A PIECE of Heathcote’s his­tory is about to un­dergo a painful re­birth.

Rath­lin House, the sur­veyor’s of­fice on the corner of Chauncey St, is hav­ing all its wood­work ripped off to re­veal its orig­i­nal sand­stone splen­dour.

And that will then be re­stored to its orig­i­nal state, bring­ing an im­por­tant part of the town back to life.

Af­ter decades of de­cay, the di­lap­i­dated wooden-clad sur­round­ings are to be torn down due to safety con­cerns and the town’s old­est build­ing – it went up in 1854 at the height of the gold rush – will emerge from the wreck­age.

The build­ing was orig­i­nally the home of Phillip Chauncy, the sur­veyor-in-chief for the McIvor gold­field dis­trict in 1853.

The house served as home for the Chauncy fam­ily with Phillip, his sec­ond wife Su­san and their eight chil­dren liv­ing in Heathcote be­fore mov­ing to Dunolly in 1861.

While the gold rush was short-lived, the house and of­fice lasted well be­yond other build­ings in the orig­i­nal camp, such as the gold of­fice, court­house and po­lice stables.

Through­out the decades, the home was used as a med­i­cal prac­tice and then by a den­tist un­til it was de­clared un­fit for habi­ta­tion in 1991.

Now the orig­i­nal build­ing is ru­moured to be­come a bed and breakfast and restau­rant.

Heathcote McIvor His­tor­i­cal So­ci­ety re­search of­fi­cer El­iz­a­beth Mur­fitt said the so­ci­ety has been work­ing with the cur­rent own­ers to make sure his­tory is pre­served.

“Our main con­cern was the cot­tage; it’s our most im­por­tant piece of the his­tor­i­cal build­ing. It was im­por­tant for the whole area that we had the cot­tage her­itage listed in the ’90s,” Ms Mur­fitt said.

“All the ex­tra pieces were built on more than 100 years ago when the doc­tors bought the prop­erty. It was in a state of dis­re­pair.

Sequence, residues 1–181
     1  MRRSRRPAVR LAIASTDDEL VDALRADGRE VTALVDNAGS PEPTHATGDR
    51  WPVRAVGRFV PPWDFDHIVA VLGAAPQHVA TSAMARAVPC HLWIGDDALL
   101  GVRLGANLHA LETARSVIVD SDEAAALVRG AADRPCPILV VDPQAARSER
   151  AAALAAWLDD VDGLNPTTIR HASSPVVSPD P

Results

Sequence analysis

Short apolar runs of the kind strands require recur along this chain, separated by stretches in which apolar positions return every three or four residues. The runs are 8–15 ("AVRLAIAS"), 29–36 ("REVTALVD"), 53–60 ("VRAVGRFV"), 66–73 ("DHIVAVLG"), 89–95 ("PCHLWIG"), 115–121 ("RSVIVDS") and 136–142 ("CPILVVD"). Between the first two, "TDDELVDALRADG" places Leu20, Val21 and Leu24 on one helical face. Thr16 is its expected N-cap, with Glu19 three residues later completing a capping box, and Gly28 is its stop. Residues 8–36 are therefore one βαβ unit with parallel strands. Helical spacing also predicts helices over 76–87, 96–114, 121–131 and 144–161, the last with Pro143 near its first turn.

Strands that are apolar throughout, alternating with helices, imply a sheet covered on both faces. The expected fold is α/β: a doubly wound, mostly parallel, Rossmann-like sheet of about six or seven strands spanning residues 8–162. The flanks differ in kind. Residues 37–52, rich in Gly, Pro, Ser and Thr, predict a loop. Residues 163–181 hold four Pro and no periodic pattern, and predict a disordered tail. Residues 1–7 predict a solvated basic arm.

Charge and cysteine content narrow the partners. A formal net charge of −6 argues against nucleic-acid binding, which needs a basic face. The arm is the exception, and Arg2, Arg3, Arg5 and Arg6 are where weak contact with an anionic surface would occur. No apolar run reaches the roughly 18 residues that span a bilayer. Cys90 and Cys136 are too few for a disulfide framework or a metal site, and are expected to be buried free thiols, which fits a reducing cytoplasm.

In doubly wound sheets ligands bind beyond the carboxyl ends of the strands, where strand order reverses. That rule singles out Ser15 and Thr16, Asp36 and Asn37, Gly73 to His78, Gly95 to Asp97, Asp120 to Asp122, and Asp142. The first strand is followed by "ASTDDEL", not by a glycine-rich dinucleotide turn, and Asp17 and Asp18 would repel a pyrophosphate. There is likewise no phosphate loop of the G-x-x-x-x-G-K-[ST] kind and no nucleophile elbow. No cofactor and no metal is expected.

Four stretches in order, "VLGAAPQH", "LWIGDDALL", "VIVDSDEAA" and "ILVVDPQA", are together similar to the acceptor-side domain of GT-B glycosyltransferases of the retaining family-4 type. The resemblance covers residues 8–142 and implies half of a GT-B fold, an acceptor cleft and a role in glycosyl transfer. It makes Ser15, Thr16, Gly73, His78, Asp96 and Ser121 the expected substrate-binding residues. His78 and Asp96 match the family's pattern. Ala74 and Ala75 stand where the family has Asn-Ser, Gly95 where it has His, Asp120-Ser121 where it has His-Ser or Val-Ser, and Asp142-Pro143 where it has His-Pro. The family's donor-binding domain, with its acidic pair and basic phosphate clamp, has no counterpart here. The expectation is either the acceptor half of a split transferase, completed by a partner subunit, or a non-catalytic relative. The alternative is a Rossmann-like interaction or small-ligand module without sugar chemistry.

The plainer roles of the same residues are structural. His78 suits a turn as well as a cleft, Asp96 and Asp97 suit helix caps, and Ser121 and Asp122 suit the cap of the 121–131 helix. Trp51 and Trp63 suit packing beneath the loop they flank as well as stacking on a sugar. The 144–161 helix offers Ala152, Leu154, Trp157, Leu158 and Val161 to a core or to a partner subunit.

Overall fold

“In 1996 there was some­one liv­ing in the house. She was liv­ing in the wooden part of the house then and there were some bad re­pairs com­pleted on the build­ing.

“It’s never been painted nor had any up­grades, I got to go in­side and have a look at it in 2000. It was eerie with no elec­tric­ity.”

Ms Mur­fitt said it is a bit­ter­sweet mo­ment for the His­tor­i­cal So­ci­ety; while the wooden ex­ten­sions on the build­ings will have to be de­mol­ished the orig­i­nal sand­stone will re­main.

“In one sense I’m glad the ren­o­va­tions will be able to high­light the most im­por­tant part of the build­ing. It plays such an im­por­tant role in McIvor’s his­tory through­out the gold rush,” Ms Mur­fitt said.

‘‘It means that peo­ple will think twice now when they do take down an old build­ing. Just look at it first, they’re ab­so­lutely mag­nif­i­cent. Peo­ple spent so much time and ef­fort to keep the orig­i­nal build­ing for them.”

“There are a cou­ple of other build­ings on the block such as the sta­ble and the coach house and I’m hop­ing they’ll be pre­served.”

The Heathcote McIvor His­tor­i­cal So­ci­ety is work­ing closely with the cur­rent own­ers to en­sure the his­tory of Rath­lin House is pre­served dur­ing the ren­o­va­tions.

The house has been used as a med­i­cal prac­tice and by a den­tist.

The house was de­clared un­fit for habi­ta­tion in 1991.

Orig­i­nal owner Phillip Chauncy.

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